It’s the domain of Bob Warren, a 71-year-old South Carolina native who almost went broke representing people sickened by radiation and chemicals. Once the top barrister in a four-person legal office, Warren is today the only one left.
Warren, who has been slowed by Parkinson’s disease, shows up every day for work in what has become a more than 10-year fight against the federal government.
He takes calls from the families of ailing workers, examines piles of documents he’s obtained through open records requests, and collaborates with a fellow lawyer in South Carolina’s Lowcountry. The work can be sad at times, but Warren says it’s hard to shake the image of a person who got sick working at the Savannah River Site, a nuclear weapons complex near his hometown of Allendale, South Carolina.
“Listening constantly to people in desperate situations didn’t give you a choice but to try and help them,’’ the mild-mannered Warren said during an interview in this town in the western North Carolina mountains.
Warren’s work began in 2002 after he decided to challenge the government on behalf of people who say the Savannah River Site caused cancer and other illnesses. A federal program had been set up to compensate former Department of Energy employees at nuclear weapons sites across the country, including SRS along the South Carolina-Georgia border.
But not long after its inception, people began to complain that the program was little more than a bureaucratic maze of rules so tedious that the average person couldn’t navigate it. Many were turned down for compensation that could have helped them pay bills.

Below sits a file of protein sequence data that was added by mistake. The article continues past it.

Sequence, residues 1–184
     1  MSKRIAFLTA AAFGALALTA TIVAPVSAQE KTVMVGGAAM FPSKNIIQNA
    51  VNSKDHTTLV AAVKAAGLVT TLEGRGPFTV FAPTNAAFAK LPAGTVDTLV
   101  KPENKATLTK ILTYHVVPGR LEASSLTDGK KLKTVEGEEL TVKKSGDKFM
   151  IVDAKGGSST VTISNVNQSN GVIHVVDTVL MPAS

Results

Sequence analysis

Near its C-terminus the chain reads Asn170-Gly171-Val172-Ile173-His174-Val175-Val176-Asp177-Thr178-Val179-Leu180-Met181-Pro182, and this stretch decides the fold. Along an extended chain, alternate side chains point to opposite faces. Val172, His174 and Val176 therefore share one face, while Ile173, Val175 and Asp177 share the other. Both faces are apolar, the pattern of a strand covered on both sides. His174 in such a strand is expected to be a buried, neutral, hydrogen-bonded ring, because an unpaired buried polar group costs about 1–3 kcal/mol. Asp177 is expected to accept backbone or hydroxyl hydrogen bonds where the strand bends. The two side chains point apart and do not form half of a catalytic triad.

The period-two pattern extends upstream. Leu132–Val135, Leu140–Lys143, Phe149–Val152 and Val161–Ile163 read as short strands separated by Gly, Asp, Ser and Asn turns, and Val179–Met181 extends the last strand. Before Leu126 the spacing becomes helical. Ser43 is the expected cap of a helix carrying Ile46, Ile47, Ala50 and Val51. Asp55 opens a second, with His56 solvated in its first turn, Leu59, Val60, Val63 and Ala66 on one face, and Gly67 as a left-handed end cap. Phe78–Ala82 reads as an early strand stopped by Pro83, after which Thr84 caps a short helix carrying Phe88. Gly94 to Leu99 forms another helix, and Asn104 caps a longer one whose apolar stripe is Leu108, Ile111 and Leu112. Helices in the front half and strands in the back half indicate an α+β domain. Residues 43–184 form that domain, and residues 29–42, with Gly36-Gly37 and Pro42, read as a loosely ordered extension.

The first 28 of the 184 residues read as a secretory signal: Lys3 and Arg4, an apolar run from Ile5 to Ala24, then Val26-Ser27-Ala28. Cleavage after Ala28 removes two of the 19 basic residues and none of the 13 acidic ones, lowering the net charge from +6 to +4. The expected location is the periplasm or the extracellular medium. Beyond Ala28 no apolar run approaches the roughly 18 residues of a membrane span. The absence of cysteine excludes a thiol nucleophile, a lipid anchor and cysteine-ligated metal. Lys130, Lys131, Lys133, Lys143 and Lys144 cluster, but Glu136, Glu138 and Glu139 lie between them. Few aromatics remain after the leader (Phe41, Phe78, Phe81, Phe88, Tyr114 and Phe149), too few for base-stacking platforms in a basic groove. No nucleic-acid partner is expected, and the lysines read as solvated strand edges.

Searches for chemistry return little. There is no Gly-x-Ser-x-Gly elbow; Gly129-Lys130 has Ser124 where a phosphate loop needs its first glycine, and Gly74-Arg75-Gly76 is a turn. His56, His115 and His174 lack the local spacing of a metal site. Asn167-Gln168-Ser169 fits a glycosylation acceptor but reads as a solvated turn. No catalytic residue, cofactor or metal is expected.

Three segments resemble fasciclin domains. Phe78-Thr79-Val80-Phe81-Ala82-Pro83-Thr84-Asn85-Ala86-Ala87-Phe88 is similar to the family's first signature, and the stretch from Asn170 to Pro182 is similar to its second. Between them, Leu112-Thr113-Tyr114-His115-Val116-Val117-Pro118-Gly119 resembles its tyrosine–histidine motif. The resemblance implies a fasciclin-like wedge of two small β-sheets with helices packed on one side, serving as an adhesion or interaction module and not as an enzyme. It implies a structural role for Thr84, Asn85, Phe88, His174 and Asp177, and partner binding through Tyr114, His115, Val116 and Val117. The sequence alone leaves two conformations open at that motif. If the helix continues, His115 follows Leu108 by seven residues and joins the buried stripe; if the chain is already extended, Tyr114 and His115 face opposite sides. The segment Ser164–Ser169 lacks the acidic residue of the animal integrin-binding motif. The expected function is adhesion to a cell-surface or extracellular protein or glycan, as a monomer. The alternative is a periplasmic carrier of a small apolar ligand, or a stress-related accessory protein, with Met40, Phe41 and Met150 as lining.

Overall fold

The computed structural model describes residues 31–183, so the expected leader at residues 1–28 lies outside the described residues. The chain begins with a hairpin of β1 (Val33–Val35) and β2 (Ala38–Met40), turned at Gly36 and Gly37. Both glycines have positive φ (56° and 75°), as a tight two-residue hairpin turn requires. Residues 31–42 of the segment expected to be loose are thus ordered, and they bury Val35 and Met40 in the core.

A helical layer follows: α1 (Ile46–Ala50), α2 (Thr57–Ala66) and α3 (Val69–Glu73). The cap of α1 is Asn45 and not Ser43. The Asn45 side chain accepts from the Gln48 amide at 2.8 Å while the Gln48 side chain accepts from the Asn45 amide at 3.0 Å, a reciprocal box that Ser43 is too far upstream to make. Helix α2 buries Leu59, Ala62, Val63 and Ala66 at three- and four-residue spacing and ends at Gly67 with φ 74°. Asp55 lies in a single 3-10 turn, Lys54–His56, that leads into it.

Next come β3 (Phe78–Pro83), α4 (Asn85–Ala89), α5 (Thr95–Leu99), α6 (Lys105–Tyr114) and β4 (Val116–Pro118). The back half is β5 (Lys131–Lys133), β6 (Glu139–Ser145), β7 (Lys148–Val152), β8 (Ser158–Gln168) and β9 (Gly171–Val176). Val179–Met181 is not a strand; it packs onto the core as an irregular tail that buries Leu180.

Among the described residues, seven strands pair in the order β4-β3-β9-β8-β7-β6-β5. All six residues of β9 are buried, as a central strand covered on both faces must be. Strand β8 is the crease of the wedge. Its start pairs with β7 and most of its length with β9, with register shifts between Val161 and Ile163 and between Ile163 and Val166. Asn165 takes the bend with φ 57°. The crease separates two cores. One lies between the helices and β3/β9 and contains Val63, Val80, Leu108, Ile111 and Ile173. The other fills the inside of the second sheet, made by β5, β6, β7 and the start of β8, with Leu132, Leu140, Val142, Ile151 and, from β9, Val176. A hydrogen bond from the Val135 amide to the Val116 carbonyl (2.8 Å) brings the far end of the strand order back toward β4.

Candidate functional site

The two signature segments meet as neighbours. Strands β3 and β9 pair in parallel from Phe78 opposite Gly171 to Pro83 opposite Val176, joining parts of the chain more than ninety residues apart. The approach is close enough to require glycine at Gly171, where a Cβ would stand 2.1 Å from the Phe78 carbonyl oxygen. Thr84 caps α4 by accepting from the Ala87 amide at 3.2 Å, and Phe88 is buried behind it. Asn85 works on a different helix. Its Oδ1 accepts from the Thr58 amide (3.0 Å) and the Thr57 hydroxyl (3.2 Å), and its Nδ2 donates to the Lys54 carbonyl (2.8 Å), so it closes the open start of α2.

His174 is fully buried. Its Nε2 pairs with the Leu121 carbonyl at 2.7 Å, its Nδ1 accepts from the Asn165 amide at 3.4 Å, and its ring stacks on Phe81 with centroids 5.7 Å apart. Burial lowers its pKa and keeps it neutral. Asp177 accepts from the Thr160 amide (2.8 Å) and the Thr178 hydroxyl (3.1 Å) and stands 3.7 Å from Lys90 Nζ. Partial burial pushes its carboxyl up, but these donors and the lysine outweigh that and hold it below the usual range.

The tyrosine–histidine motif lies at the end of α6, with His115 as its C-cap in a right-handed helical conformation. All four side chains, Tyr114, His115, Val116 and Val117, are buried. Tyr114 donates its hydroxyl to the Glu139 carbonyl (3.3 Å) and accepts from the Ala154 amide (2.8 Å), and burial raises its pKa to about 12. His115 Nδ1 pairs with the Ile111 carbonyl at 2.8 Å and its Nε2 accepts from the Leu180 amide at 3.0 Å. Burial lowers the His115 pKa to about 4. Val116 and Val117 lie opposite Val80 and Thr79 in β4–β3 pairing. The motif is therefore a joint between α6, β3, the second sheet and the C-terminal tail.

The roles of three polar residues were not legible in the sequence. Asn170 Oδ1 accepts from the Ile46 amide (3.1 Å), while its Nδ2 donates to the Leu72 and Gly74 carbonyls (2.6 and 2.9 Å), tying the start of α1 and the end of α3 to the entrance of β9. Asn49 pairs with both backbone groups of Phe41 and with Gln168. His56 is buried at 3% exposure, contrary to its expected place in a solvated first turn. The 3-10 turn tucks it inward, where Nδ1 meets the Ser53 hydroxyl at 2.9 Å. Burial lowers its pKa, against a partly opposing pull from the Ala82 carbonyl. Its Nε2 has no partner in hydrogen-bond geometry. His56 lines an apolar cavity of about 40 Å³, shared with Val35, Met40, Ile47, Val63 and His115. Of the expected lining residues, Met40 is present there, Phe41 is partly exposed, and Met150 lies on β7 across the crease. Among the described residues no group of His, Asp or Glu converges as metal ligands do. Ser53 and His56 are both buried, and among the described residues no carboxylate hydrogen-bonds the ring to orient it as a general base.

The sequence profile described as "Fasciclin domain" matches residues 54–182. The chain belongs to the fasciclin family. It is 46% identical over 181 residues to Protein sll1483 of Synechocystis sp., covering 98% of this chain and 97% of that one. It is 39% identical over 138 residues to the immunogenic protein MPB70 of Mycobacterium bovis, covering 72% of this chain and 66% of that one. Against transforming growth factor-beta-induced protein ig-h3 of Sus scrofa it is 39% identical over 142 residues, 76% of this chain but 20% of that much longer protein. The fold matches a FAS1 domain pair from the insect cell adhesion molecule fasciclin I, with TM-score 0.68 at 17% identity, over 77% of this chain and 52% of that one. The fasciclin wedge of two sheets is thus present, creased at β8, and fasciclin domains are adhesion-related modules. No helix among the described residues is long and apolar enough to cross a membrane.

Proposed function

Some people sought lawyers, only to be turned away because the attorneys believed working on the employees’ behalf wasn’t lucrative enough.
But Warren was glad to take the cases, he said. Warren liked the idea of taking on the government on behalf of sick DOE workers. It’s the kind of cause he has championed throughout his 42-year legal career. It also dovetailed with past work he’d done at SRS, which included a 1970s-era case on behalf of an employee who claimed the site had made him sick.
“It’s always rewarding to follow your conscience,” Warren said. “It’s difficult to come up with the money to be able to help them. You’ve got phone bills and computers and all the other things that are inherent to a law practice. It’s been difficult, but kind of fun to outsmart the ‘corporation.’”
In 2012, he helped persuade the federal government to make it easier for hundreds of ex-SRS workers to receive compensation. The federal government declared that year that many people who worked at SRS from 1953 to 1972 would receive benefits without having to prove the plant caused their illnesses. Many had tried unsuccessfully for years to show that their cancers were caused by working at SRS.
Instead of taking traditional legal cases, Warren began representing African Americans and others who were not part of the Allendale area power structure. He also criticized state and federal judges for what he said was a bias against the poor.
Those types of cases, however, didn’t set well in the Deep South of the 1970s, particularly in Allendale. Warren said an entire bridge club that his wife belonged to quit en masse to protest his effort to help blacks gain entrance to a community swimming pool. He also challenged the federal government over policies at SRS.
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“At the time, he was perceived as a pinko communist trying to help Russia take over America,’’ said Tom Johnson, a South Carolina lawyer and friend of Warren’s.
“His moral code sometimes excluded all pragmatism. He was willing to pay the price for his principles. In Allendale at the time, that basically meant fighting for black people.’’
Warren said he never envisioned how difficult it would be financially, but it was hard to ignore what he considered a public need. The grandfather of seven is now trying to persuade the federal government to expand the category of workers who could become eligible without having to prove radiation made them sick. He argues that records don’t exist to allow them to prove their doses, so they should automatically qualify, in certain situations.